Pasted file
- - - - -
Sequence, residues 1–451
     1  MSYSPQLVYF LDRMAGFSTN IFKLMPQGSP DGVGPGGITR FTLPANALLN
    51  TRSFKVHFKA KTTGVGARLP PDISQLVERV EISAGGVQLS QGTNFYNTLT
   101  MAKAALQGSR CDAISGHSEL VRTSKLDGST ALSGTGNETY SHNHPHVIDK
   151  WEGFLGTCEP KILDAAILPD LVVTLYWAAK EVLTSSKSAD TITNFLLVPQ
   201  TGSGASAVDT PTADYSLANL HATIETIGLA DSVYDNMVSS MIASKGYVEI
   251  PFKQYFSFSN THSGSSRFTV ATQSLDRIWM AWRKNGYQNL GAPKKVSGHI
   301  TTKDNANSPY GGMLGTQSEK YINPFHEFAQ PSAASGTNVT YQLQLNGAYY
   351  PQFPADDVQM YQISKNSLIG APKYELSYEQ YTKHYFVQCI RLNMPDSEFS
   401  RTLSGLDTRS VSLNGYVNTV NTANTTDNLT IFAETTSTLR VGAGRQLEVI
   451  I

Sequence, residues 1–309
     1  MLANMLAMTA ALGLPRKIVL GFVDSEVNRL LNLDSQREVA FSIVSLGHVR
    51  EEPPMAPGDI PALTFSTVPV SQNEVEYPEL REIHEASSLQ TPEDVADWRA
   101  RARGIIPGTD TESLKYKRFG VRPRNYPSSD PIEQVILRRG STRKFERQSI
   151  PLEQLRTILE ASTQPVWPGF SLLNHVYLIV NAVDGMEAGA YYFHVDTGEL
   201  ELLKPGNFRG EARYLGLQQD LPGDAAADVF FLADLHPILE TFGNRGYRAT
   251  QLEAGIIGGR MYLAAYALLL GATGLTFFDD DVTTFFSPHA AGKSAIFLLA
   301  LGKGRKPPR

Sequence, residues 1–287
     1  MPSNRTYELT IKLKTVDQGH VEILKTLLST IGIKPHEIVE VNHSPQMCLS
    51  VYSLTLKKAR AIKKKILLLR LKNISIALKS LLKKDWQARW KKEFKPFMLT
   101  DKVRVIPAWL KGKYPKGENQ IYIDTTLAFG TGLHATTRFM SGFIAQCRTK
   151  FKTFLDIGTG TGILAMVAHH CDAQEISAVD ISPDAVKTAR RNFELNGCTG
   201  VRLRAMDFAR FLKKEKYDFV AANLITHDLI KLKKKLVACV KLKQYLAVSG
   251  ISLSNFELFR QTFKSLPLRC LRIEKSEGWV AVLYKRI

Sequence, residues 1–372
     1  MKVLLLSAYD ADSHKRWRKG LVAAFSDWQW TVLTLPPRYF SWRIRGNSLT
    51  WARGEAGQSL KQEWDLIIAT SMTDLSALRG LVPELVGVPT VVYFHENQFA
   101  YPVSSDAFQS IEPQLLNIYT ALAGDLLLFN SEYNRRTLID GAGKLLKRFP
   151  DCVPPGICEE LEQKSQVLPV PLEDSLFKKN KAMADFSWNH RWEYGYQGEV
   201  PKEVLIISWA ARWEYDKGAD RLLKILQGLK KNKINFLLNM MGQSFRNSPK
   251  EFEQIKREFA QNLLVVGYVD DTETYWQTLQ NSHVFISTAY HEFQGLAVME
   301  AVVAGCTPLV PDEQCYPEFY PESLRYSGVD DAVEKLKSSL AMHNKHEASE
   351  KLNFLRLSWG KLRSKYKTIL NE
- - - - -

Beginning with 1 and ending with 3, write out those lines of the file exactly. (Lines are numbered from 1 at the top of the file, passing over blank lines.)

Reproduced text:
Sequence, residues 1–451
     1  MSYSPQLVYF LDRMAGFSTN IFKLMPQGSP DGVGPGGITR FTLPANALLN
    51  TRSFKVHFKA KTTGVGARLP PDISQLVERV EISAGGVQLS QGTNFYNTLT